(translated by Toshiya Kamei)
While we tackle proof problems in math class, a shrill alarm pierces the air.
“Oh no. Not again,” I mumble under my breath. Even so, things aren’t too bad in this world.
I glance toward the watery expanse outside the windows. The rays of the afternoon sun flicker across the waves. Still out of sight, a whale casts an enormous shadow over the curtains.
“Listen up, ladies!” the math teacher yells in a half-hearted tone. “Hey you, Sasa! Get back to your seat!” He glares at the girl. “Hey you there. Don’t even think about it. Everybody, stay in your seats. There’s no need to look toward the windows! It’s just another whale warning. Type K-33280. Danger level 3. You know the drill. You can go home, but make sure to check the AR bulletin board for today’s homework later today. Go home in groups!”
The girls get up, pushing away their chairs.
“See ya! Bye!” the girls singsong loudly as usual. They stream out and join their friends in the hallway. A whale warning? We’re so used to it. Nowadays, nobody bats an eye. Seated next to me, Sakura mechanically puts her things away in her pencil case.
“Sakura, let’s get out of here.”
“Uh-huh.” Sakura nods without looking at me. A soft breeze ruffles her chestnut brown hair. Poor girl, our teachers keep pestering her, ordering her to dye her hair back. Still, this color suits her. When we were little girls, I admired her smooth, jet-black hair. One day, she showed up with this hair, but I still like it.
“What are you sneering at, Tachibana? What’s so funny?” she asks as she puts her backpack on and turns toward me.
“Nothing, Sakura. You’re not gonna dye your back, are you? I know you.”
Sakura chuckles, her dry laugh echoing off my eardrums. She twirls a bit of her hair around her finger and holds it in front of her face.
“Maybe I should cut it, huh?”
“Maybe about time,” I second, nodding.
“I mean, may as well cut it short,” Sakura says with a faint smile, shaking her head.
I hold my breath. Then I take a deep one.
“Seriously?” I, at last, manage to utter.
“Seriously!” she parrots me. “Tachibana, let’s go,” she adds and passes me by. Sakura is always unattainable. My Sakura. My childhood playmate. Sakura never lets me in on her decision-making. I’m always left behind.
They say our world has been like this since several decades ago. But my classmates and I are only eighteen, so we know no other way than this. According to our history textbook, sea levels rose incessantly, gradually swallowing up land until nothing else much was left. At first, a nameless, deserted island disappeared from the map. Then a well-known island—a popular tourist spot—followed suit. Soon countries one by one vanished. Some attributed this crisis to global warming. Others disagreed. But that mattered little. Humanity prioritized finding places to live. Scientists racked their brains. Mars? Too many unknown factors. Super skyscrapers? Not enough time or space, not to mention adequate technology. Thus, our ancestors decided to live underwater.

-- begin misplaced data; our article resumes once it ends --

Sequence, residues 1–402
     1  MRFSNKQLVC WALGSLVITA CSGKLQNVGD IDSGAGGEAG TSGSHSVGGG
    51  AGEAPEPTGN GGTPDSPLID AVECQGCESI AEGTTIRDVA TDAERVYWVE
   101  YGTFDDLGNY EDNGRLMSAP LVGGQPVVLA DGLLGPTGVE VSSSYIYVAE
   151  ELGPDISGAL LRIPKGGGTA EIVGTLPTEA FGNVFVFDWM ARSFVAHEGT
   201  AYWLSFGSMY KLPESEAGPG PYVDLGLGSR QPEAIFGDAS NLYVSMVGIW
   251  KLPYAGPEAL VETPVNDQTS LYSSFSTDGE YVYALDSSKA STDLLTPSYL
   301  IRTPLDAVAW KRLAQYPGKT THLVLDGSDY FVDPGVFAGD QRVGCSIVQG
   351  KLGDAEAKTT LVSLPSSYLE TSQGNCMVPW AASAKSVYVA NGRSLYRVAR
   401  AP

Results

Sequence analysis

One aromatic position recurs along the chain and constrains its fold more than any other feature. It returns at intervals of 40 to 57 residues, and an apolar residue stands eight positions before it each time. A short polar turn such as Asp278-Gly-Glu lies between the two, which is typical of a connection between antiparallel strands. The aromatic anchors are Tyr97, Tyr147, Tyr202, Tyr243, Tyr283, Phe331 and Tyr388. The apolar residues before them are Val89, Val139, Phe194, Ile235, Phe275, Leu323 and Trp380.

In the end, the sea swallowed the entire world, and we now live in an underwater city. They say Japan sank a long time ago, leaving no trace whatsoever. Parts of Eurasia and North American still remain, but only the filthy rich can afford to live there. I couldn’t picture what it is like to live in a world without whale and shark warnings. My mom thinks the land folks are on their last legs, their houses could sink in any minute. On the other hand, Sakura opines the sea level has stopped rising.
“The vast majority of people now live underwater,” Sakura once said, “so global warming ceased to be a problem. That’s partly why.”
After our ancestors settled in our underwater city, they missed real plants. Artificial trees and plants don’t really count as greenery, do they? Anyway, many parents name their babies after plants. Sakura, Sasa, and Tachibana, just to name a few. Sakura, cherry blossoms, once symbolized spring in Japan. Sasa, also called broad-leaf bamboo, was fed to giant pandas. My namesake bore mandarin oranges when humans still lived on land. But none of us has ever seen our namesakes because we’ve lived under the water all our lives.
Even so, I love this world. Because I get to be with my Sakura.
“Let’s grab some crepes, Tachibana.”
“Hmmm. Sounds good to me,” I reply.
Thanks to the appearance of the K-33280—relatively small compared to other whales—we’ve been liberated from school earlier than expected. The girls crowd the rows of shoe-lockers to take off their indoor shoes and slip into their outdoor ones. We insert ourselves into gaps between other girls and reach for our shoes.